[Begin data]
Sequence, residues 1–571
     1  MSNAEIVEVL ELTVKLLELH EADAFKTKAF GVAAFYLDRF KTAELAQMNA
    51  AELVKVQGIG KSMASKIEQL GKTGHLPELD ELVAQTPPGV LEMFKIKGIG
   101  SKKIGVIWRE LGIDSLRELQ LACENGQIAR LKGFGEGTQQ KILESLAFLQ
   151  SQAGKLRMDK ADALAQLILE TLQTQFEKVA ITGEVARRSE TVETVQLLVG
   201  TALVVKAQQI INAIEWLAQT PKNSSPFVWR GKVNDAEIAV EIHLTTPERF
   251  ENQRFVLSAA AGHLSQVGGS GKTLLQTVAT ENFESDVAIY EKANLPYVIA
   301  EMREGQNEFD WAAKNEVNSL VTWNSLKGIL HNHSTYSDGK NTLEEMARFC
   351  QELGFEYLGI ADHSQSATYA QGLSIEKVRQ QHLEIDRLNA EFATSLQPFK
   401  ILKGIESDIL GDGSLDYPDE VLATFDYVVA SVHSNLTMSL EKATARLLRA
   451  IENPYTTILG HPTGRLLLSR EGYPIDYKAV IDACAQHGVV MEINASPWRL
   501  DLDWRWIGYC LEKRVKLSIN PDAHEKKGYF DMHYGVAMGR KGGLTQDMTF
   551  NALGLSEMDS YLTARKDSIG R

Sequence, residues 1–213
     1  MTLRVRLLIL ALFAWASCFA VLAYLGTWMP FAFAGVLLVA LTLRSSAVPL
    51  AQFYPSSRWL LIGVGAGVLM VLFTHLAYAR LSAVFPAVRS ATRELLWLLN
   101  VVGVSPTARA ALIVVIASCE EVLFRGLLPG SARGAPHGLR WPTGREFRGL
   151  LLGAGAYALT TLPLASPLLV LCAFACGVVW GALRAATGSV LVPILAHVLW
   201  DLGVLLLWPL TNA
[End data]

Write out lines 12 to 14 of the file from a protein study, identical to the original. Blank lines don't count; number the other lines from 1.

   501  DLDWRWIGYC LEKRVKLSIN PDAHEKKGYF DMHYGVAMGR KGGLTQDMTF
   551  NALGLSEMDS YLTARKDSIG R

Sequence, residues 1–213